The Dangers of Alcohol Poisoning
As a brief overview, alcohol is metabolized by a healthy liver at a rate of approximately one ounce every hour and a half. Abnormal livers suffering from pre-existing medical conditions or diseases will metabolize at a slower rate. Livers can only process a limited amount of alcohol in a given period, approximately one unit per hour. If we consume more alcohol than our livers can process, an excess of alcohol develops in our bloodstreams and our BAC (Blood Alcohol Concentration) rises.
Alcohol poisoning often results from binge drinking. Some people are not aware of their limitations, and need to be made aware of the negative effects associated with binge drinking such as alcohol poisoning. There are many myths and misconceptions when it comes to alcohol poisoning. The dangers and harmful effects of excessive drinking are not taken seriously enough in today’s society.
It is imperative that binge drinking be taken seriously, regarded as a major health risk and treated as such.
Effects of Alcohol Poisoning On The Body
The more alcohol consumed, the more depressed the body’s nervous system becomes. This results in little to no control over involuntary actions such as breathing and the gag reflex, which prevents choking. A fatal dose of alcohol, especially if consumed in a short period of time, can lead to death by asphyxiation. Someone suffering from alcohol poisoning can very likely choke on his or her own vomit. Their hearts and breathing can begin to become irregular or stop altogether. As the body goes into shock, the sufferer can becomes highly susceptible to hypothermia (low body temperature), hypoglycemia (low blood sugar), seizures, permanent brain damage and possible death. Long-term binging can result in severe liver damage or renal failure, severe nausea, tremors, anxiety issues, memory blackouts and/or alcoholic psychoses such as idiosyncratic intoxication.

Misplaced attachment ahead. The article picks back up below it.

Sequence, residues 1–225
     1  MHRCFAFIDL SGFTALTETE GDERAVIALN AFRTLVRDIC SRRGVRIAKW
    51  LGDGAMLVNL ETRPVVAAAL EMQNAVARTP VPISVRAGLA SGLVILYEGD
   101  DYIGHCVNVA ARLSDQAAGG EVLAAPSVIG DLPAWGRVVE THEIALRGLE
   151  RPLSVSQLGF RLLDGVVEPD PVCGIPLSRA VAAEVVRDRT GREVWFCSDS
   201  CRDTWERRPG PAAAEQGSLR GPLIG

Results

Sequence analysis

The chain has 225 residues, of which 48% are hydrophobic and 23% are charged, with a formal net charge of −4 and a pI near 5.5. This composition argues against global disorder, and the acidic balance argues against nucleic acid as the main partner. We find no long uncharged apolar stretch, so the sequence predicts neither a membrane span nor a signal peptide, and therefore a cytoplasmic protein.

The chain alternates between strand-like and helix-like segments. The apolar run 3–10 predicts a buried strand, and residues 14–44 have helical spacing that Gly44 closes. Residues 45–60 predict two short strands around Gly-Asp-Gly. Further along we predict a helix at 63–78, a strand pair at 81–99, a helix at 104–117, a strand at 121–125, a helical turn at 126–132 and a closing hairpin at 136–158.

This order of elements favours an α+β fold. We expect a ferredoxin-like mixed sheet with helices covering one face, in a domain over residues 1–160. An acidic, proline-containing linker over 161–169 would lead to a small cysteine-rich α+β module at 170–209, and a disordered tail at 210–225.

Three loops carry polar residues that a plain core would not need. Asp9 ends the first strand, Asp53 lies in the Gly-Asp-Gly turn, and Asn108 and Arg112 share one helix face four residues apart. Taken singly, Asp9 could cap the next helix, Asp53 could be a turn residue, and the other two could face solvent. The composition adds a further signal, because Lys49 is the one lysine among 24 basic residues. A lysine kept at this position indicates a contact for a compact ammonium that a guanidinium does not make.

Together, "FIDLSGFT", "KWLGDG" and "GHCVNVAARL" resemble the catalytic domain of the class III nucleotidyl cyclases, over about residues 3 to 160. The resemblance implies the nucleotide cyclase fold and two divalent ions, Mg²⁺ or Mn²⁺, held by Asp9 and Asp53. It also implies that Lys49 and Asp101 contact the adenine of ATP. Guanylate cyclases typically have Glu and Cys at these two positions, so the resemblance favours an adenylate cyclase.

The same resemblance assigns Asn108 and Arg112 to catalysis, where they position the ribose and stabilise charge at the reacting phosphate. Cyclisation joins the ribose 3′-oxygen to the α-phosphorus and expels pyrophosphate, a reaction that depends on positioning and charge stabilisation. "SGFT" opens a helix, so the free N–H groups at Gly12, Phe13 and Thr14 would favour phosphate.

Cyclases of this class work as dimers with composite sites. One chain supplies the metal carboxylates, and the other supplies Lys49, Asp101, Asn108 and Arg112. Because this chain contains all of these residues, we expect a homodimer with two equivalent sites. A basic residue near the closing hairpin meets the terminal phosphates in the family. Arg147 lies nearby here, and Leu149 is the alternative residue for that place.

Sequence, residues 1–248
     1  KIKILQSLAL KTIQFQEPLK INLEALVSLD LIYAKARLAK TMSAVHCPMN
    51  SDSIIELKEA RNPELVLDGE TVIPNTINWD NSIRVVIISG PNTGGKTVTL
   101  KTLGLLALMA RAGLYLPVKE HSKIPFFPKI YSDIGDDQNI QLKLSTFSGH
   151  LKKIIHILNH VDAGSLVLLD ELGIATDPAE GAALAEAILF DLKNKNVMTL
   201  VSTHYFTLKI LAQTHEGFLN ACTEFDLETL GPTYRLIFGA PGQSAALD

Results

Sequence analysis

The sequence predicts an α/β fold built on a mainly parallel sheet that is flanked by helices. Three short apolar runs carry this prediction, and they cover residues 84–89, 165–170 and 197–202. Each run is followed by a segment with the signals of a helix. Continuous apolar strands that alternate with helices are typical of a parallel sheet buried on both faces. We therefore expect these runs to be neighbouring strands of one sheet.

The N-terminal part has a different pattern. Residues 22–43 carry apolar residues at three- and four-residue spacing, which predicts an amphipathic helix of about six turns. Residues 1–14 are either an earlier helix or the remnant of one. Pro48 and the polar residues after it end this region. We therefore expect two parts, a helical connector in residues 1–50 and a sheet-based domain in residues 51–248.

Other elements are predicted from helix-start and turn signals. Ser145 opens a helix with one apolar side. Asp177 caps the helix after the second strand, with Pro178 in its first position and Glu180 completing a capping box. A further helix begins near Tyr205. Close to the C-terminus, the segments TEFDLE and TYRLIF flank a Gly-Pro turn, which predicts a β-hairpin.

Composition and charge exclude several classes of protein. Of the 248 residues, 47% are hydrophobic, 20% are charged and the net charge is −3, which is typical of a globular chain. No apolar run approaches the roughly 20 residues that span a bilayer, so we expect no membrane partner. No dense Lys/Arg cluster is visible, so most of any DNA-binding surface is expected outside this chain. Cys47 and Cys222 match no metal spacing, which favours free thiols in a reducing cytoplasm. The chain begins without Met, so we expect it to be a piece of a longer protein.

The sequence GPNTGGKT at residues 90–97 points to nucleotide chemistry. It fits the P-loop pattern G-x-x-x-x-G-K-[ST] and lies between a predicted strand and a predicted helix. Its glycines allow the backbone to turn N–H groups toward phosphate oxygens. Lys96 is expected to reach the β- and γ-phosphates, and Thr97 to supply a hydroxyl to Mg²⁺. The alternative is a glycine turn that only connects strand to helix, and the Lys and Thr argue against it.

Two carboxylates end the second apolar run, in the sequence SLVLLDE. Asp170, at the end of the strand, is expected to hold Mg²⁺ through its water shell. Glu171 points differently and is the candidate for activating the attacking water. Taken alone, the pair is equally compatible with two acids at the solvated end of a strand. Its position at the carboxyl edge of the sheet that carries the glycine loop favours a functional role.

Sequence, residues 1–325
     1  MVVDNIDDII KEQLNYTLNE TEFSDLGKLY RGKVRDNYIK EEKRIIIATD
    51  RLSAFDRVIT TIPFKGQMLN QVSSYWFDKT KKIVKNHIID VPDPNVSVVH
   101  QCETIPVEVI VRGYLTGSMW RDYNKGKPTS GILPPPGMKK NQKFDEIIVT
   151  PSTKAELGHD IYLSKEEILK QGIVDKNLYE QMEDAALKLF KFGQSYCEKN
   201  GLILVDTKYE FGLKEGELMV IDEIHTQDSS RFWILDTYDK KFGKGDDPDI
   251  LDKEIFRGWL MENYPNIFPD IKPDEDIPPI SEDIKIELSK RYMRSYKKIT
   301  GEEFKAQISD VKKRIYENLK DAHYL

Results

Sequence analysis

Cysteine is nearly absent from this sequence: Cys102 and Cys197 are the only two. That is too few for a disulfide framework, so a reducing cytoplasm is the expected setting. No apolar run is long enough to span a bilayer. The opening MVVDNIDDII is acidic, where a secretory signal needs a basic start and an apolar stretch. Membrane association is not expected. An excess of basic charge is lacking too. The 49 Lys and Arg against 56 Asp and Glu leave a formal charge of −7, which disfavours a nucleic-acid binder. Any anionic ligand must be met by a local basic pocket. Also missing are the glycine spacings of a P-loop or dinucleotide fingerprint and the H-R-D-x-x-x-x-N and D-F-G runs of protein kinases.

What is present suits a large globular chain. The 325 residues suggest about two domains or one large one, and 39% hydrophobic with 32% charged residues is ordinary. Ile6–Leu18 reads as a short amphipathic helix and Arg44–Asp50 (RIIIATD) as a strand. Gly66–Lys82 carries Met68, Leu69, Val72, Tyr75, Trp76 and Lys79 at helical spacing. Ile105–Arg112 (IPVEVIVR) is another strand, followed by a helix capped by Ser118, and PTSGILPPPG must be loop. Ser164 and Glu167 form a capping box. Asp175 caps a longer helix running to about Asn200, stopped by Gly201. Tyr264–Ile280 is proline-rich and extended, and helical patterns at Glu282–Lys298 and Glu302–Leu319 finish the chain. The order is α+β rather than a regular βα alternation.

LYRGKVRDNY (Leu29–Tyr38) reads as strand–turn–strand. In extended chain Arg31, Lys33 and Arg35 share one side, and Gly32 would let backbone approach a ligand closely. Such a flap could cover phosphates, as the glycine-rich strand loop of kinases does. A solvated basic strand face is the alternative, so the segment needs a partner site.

Idiosyncratic intoxication is a type of alcohol psychosis that occurs as a result of extreme, prolonged consumption or withdrawal symptoms. Symptoms include hallucinations, illusions, delusions and extreme fatigue. Symptoms can last anywhere from a few minutes to several hours.
Important Things To Remember
Do not hesitate to assist a friend, loved one or even a stranger, should they appear to be extremely intoxicated. Do not let them drive. Use a breathalyzer if necessary to dissuade them from driving. If you are concerned that they could be suffering from alcohol poisoning - watch out for the signs: intense confusion, vomiting, seizures, slow or irregular breathing and/or low body temperature.
If the person appears to be in a comatose state and cannot be roused, always consider that they may have consumed a lethal dose of alcohol long before they became unconscious.
BACs can continue to rise even after the victim becomes unconscious. Alcohol continues to be absorbed slowly into the body and bloodstream from the stomach long after the last drink is consumed.
Allowing him or her to “sleep it off” may not always be the best course of action. If you recognize any of the symptoms listed above, place the victim in the fetal position so that his or her airway remains clear and call 911.
Wouldn’t you rather be safe than sorry?